ear Miracles, crisis
If you ask me to pick a word that our culture both overuses and misuses more than any other word, I would choose “crisis.” The state of public education? Crisis. Unemployment numbers (regardless of whether they go up or down)? Crisis.
Corruption on Wall Street? Crisis.
Deceit and ineptitude in Washington? Crisis.
Western Culture and “the West” as well as Europe, Asia, Africa, and of course the Middle East? Crisis, crisis, crisis.
And those are just global considerations. Let us not forget the whole host of personal crises to attend to as well: from food that is no longer actual food to marriages that fall apart, jobs that destroy our vitality, and children who shoot to kill. To read the news and most non-fiction bestsellers in any given year is to come up against and lock horns with crisis over and over again. The word, and all of the weight it carries surrounds us, pours into our ears, sits on our tongues, and covers our skin in a fine film of fatalism.
Words matter. From the promises, prayers and spells we make, the names we call ourselves, to the stories we listen to and tell, words make up a big part of who we are and how we understand. Especially in the digital age. For the soulful seeker, to reclaim certain words, to save them from misuse and overuse, is nothing less than to reclaim our own autonomy or sovereignty in the 21st Century. To my mind calling back our autonomy and sovereignty is one of THE goals for sacred arts and for education generally speaking. Sovereignty that is deep and rooted as the most ancient tree. Autonomy that stands and shines out like the clearest star. How do we make our way back to these things? One way is to begin with what is closest to us, the words we speak, the words we hear, every single day.
So “crisis” sells, doesn’t it? As a consequence, we are left feeling that both our world and our personal lives are on the brink of some dire catastrophe all of the time. In that belief, that feeling, and that space we are at our most vulnerable. We are all too willing to follow the next shiny guru promising an easy and risk-free way out, the next celebrity, business, or literary trend that swears to have figured out the whole puzzle if only we will contort ourselves into stranger than fiction shapes and do/be/say/think in this one, exacting way, or happy to look for ways we can outsource our troubles and anxieties to someone or something else. In other words, it is when we are fed a diet of constant crisis that we are most likely to give up our sovereignty, lose our autonomy, and place ourselves in a position to be taken advantage of. In these moments we are thin-skinned or even skinless, tender, exposed and we want nothing more than to feel safe, protected, and secure once again.
But let me let you in on a little secret: crisis? It’s nothing new. We were on the brink of crisis a century ago in 1915 as Europe continued to be pressed in the vice of mechanized and chemical warfare. We were on the brink fifty years ago, twenty-five years ago and two thousand years ago too. Crisis, it seems is both something more and less than what we usually think. Like our shadows it follows us faithfully through the millenia. Perhaps it is time to get to know it, and in so doing call back our sovereignty and our autonomy.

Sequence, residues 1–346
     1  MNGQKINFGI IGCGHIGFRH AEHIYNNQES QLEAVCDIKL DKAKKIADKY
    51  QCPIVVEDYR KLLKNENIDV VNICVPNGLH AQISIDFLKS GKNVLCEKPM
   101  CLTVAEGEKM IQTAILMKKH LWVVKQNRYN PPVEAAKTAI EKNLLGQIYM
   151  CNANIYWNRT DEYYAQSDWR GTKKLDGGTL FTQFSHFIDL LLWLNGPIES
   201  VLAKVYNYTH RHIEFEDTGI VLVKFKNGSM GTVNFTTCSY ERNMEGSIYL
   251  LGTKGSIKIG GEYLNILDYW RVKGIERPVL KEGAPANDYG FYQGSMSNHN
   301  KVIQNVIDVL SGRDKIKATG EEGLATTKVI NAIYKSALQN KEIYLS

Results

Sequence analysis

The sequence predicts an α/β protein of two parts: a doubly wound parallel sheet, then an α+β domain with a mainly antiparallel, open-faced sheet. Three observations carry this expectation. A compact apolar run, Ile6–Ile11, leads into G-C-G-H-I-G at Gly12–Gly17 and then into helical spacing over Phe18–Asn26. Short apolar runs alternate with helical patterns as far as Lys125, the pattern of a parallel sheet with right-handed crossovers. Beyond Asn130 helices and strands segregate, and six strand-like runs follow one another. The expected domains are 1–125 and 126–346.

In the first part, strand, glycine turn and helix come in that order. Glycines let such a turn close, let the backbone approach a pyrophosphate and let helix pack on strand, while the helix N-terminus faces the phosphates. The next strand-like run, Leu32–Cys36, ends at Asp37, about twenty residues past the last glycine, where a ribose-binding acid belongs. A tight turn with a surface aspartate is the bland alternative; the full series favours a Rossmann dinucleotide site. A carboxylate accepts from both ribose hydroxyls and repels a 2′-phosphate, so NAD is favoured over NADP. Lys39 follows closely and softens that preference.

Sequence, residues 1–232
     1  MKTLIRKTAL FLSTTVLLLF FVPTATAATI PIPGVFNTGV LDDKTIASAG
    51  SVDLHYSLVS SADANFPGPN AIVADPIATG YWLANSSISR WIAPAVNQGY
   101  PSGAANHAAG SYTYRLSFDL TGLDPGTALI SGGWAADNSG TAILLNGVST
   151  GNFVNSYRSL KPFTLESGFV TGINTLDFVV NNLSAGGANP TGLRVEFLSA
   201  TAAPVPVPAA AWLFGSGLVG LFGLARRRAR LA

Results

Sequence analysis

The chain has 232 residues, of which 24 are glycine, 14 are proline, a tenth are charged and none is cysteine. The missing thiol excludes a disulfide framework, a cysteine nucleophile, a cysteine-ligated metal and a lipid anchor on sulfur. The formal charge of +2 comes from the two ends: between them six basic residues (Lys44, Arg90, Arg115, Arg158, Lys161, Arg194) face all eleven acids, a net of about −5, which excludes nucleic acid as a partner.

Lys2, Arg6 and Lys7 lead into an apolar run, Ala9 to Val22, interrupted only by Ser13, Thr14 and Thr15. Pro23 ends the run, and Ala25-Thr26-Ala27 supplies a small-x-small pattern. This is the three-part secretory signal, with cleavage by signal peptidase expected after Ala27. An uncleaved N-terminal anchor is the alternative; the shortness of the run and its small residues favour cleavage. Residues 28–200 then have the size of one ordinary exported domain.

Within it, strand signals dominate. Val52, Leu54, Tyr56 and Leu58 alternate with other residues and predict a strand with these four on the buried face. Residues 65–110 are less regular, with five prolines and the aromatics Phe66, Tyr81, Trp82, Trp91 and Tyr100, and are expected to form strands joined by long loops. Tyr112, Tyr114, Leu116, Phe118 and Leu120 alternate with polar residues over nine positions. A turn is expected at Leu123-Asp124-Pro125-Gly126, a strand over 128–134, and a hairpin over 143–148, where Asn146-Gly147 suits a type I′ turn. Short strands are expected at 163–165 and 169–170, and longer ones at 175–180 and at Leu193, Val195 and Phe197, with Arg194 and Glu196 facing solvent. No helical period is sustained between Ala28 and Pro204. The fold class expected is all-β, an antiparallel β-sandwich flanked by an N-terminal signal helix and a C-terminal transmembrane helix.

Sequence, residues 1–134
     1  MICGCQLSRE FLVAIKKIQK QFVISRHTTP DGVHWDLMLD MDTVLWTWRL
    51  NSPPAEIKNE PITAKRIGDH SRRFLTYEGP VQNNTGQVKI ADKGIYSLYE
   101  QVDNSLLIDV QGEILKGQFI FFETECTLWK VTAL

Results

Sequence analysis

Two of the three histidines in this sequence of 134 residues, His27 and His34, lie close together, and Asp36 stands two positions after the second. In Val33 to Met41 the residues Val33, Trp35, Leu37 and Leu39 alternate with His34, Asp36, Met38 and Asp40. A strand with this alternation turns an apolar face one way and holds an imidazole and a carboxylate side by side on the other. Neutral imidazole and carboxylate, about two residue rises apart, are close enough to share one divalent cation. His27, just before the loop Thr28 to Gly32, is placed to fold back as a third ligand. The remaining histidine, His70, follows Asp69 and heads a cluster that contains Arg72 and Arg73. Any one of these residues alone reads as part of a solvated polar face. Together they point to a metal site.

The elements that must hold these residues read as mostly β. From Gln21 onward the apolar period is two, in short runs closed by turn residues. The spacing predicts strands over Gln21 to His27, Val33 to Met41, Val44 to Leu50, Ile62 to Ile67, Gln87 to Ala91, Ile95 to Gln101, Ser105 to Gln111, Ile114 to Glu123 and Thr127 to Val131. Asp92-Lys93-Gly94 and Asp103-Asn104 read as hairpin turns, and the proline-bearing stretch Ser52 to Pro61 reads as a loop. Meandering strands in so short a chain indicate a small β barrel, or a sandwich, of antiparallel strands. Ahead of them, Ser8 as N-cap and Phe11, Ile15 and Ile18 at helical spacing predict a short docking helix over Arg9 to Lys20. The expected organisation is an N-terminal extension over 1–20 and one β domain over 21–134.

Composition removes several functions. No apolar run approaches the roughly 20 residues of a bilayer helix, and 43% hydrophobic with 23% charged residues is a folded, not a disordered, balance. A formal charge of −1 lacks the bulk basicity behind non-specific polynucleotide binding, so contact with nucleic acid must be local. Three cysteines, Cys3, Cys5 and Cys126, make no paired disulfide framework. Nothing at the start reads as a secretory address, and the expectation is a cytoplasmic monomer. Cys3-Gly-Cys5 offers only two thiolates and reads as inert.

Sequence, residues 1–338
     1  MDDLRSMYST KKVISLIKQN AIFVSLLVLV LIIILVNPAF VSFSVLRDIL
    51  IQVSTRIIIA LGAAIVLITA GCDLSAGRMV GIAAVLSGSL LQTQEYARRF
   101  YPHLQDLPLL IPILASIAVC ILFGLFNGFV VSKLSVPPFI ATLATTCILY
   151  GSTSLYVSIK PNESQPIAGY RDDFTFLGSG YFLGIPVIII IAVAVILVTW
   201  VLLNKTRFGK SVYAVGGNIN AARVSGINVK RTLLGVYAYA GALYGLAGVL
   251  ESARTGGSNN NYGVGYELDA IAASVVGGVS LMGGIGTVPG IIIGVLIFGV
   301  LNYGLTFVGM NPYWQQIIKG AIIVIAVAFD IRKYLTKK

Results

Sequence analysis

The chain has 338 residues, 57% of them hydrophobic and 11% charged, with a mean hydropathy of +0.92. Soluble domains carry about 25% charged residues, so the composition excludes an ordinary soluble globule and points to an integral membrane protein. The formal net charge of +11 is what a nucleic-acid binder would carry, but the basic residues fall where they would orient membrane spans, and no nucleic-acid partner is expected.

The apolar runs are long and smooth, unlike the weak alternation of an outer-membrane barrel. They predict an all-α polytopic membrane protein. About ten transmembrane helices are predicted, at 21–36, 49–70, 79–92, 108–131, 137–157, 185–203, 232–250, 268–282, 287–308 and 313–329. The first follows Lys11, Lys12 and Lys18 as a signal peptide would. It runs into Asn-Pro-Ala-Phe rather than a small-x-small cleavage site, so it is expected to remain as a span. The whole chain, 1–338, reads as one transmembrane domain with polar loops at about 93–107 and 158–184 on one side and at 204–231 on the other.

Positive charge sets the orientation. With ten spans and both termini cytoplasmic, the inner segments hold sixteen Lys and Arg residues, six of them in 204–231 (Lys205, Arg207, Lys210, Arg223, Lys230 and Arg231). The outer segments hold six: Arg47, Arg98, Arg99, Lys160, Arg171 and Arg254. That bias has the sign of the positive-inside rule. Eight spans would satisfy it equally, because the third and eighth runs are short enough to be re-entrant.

The word “crisis” is overused but the word is also misused. Language is a living, growing thing, and if you look back far enough, you can uncover its essential root stock which, just as in the world of plants, often carries the most nutrition and medicine. “Crisis” originally was introduced into English as a medical term meaning that protocols around diagnosis and treatment were at a crossroads and a definite decision needed to be made (one that would take other possible decisions off the table). But the root of the word “crisis” is derived from a Greek word (over 500,000 modern English words derive from Greek!) and the root carries the meaning of decision, choice.
So it is that the word “crisis” tends to get our heart rates and blood pressures up, our adrenal glands pumping on overdrive, and our breaths becoming short and shallow. But it should actually encourage the opposite reactions: concentration, focus, clarity, and the summoning up of all our intellectual, emotional, physical, and spiritual gifts to assess the situation we find ourselves in and then make the wisest decision regarding the best possible course of action. In crisis, there may be danger, but there is still hope. With intelligence, action, courage and patience, something can be still done. But not only that, something will be done. To be in crisis too is to be at the crossroads, that liminal place where heaven and earth, this world and the imaginal realms, intersect, where everything is possible and all journeys begin.
The great question now, and it is one we will be unfolding over the next two lunar letters, is how the soulful seeker stands at the crossroads. What does she actually do at the crossroads, facing the crises so interwoven in the fabric of any human life? Where does she go to find healing and wholeness, and how does she carry those gifts back into the everyday world?
And so the question to ask right now under the Full Moon in Aquarius on 1/23 is
What do you need to know to begin your journey?